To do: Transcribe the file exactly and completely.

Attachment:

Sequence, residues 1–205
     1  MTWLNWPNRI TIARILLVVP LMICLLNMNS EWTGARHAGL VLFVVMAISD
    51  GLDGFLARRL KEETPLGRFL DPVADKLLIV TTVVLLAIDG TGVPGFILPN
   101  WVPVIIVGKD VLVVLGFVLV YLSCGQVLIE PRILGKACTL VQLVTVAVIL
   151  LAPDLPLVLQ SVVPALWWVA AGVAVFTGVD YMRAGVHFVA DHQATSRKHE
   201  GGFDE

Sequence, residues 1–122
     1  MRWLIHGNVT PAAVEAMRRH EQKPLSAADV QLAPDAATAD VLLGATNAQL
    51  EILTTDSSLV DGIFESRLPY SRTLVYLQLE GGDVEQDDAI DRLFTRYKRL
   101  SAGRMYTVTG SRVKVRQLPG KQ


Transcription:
Sequence, residues 1–205
     1  MTWLNWPNRI TIARILLVVP LMICLLNMNS EWTGARHAGL VLFVVMAISD
    51  GLDGFLARRL KEETPLGRFL DPVADKLLIV TTVVLLAIDG TGVPGFILPN
   101  WVPVIIVGKD VLVVLGFVLV YLSCGQVLIE PRILGKACTL VQLVTVAVIL
   151  LAPDLPLVLQ SVVPALWWVA AGVAVFTGVD YMRAGVHFVA DHQATSRKHE
   201  GGFDE

Sequence, residues 1–122
     1  MRWLIHGNVT PAAVEAMRRH EQKPLSAADV QLAPDAATAD VLLGATNAQL
    51  EILTTDSSLV DGIFESRLPY SRTLVYLQLE GGDVEQDDAI DRLFTRYKRL
   101  SAGRMYTVTG SRVKVRQLPG KQ